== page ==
The second narrative level, which I have gestured at already, is the way that Wolkfwalkers addresses the cost of England’s colonial mission in Ireland. The Lord-Protector is portrayed as an authoritarian monster, a man who does not bat an eyelash at throwing his detractors into stockades, and takes pleasure in discussing how he intends to “burn the forest to the ground.” In fact, we first meet him as he rides out of the town with an army to quell a “resistance” in the south. By positioning him as the personification of the forces of evil, Wolfwalkers makes clear that the darkness in their story is the way that English forces arrived in Ireland and used fear to attempt and “tame” them, a word the Lord-Protector uses again and again. Therefore, Mebh and the wolves represent an Ireland that is allowed to flourish and be free, able to bask in the beauty of its natural state without the despotic rule of the British Empire. It is a heavy concept for a film otherwise aimed at a young audience, but it is woven so tenderly into the greater narrative that it functions as a perfect backdrop for the story. Younger viewers can appreciate the Lord-Protector as an intimidating villain whether or not they comprehend that his vicious actions are motivated by the broader colonial project, but that depth is easily accessible by older viewers who can appreciate such a well-crafted allegory. In this way, I was reminded of Paddington 2 (2018), a “children’s movie” that took on Brexit with similar aplomb while never losing sight of the elegant simplicity of a talking bear. Wolfwalkers achieves an intellectual depth within a thrilling story that makes it stimulating and engaging for an impressive range of viewers.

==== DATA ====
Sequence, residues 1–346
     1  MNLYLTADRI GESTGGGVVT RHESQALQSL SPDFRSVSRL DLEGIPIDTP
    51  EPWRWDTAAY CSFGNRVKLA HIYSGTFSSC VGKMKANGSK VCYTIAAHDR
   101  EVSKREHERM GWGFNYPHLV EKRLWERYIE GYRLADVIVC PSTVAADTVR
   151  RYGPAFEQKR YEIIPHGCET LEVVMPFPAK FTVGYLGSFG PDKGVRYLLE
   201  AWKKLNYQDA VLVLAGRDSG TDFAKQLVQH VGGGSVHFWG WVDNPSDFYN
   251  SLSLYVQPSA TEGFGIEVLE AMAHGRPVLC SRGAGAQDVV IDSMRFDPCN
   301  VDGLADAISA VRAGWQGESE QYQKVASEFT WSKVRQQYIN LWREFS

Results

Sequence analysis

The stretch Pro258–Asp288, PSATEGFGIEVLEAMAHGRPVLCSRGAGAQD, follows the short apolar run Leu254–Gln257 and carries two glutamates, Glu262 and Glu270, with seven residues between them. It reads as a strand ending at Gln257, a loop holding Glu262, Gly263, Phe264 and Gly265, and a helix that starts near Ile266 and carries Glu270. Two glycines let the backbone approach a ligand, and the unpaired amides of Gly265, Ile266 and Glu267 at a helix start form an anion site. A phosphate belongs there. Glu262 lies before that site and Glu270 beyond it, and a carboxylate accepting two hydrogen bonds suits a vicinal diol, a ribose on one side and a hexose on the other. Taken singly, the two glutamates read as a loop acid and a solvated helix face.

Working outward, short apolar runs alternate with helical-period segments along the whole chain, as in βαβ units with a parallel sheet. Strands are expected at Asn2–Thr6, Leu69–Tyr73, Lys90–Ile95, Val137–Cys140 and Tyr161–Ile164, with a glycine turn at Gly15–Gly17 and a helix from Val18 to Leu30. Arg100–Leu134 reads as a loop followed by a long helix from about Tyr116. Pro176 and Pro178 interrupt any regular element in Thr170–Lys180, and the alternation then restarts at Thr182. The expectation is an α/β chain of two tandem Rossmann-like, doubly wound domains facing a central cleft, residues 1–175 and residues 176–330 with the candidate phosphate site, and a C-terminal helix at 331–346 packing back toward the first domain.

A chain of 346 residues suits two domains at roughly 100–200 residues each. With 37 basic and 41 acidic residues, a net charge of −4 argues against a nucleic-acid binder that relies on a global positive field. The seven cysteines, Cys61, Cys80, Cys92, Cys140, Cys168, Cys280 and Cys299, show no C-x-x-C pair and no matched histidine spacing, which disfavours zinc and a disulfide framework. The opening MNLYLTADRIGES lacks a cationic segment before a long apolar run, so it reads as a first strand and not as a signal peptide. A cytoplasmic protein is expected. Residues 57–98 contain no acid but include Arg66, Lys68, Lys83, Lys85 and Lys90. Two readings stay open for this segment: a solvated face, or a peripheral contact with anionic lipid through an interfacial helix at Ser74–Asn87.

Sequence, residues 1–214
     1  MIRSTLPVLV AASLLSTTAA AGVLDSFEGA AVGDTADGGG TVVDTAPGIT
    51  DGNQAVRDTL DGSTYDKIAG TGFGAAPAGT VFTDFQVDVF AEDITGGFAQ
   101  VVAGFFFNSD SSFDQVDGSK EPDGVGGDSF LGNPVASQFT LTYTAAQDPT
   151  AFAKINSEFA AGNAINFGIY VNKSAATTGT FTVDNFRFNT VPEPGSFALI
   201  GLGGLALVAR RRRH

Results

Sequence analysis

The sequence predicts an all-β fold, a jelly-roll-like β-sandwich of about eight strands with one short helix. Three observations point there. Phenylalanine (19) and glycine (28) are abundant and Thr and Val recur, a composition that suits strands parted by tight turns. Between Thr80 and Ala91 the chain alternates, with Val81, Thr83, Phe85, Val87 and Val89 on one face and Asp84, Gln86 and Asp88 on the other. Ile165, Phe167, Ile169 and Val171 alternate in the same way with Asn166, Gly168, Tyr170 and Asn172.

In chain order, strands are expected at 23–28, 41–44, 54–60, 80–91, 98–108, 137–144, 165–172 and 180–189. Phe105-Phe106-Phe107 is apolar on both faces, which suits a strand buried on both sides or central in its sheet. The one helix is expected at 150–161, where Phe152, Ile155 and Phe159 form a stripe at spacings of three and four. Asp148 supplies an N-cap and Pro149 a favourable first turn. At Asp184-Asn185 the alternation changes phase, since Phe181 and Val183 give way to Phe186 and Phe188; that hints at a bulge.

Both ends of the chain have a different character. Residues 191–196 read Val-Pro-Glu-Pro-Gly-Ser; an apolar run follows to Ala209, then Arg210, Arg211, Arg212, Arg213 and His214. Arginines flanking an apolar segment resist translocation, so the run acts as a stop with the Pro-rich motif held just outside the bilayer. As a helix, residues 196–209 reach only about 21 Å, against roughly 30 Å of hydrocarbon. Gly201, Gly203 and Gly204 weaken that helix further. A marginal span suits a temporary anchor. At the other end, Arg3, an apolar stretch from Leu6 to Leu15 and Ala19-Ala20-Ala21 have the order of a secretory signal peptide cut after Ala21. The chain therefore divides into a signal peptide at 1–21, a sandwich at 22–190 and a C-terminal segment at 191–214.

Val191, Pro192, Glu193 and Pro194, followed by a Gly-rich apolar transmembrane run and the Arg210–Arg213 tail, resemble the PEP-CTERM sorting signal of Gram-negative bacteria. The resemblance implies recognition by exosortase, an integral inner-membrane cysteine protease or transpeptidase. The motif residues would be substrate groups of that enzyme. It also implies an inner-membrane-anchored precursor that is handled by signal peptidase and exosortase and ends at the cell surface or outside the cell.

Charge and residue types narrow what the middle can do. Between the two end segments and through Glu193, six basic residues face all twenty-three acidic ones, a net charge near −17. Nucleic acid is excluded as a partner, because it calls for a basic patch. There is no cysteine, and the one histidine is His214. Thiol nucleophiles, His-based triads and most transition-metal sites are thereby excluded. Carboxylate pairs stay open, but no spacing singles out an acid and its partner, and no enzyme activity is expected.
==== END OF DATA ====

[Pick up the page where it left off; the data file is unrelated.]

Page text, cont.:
Allowing all of this passionate storytelling to take place is truly breathtaking animation. Cartoon Saloon is a rare breed of modern animation in that their animators do everything by hand. Most major studios have transitioned to computer-animation: think of Pixar, Illumination, and now even the newest release from otherwise hand-drawn stalwart Studio Ghibli. Wolkfwalkers looks like a watercolor painting come to life. Their approach to the forest is particularly stunning. The trees bleed together into a tapestry of golden leaves and swirling trunks that tower above our characters while also serving as their protectors from the town. The lines and colors of the forest are varied and free, a stark contrast to the severe angles and dull tones of the town. In this way, the appearance of the settings and the characters within them mirror the themes and emotions that the narrative puts forth about each one. This is encapsulated wonderfully in how the animators turn Robyn and Mebh’s hair into a motif that develops as their characters do. At the start, Robyn always has her hair in tightly wound and tidy braids, while Mebh’s fiery red mane flows free and is regularly peppered by leaves and twigs. Over time though, as Robyn pushes further from the strictures of the town, she allows her hair to loosen. Similarly, as Mebh realizes that there is good in Robyn, she allows her new friend to comb her hair and put a flower in it. It is a small touch, but one emblematic of the care and precision with which the animators and directors Tomm Moore and Ross Stewart approach their story. They have built an atmospheric and expressionistic world that is easy to fall in love with.
For me, Wolkfwalkers represents the sort of animated movie we should hope for. It is a beautifully and meticulously rendered film that offers a story of real depth that expects and therefore rewards engagement from its audience. Instead of simply throwing headache-inducing neon colors onscreen to try and attract as much topical attention as possible, Wolfwalkers understands that the marker of true artistry is having faith in your story and your animators. I hope that Wolfwalkers brings Cartoon Saloon to new heights of commercial and critical success so that we may keep being treated to their wondrous work for years to come.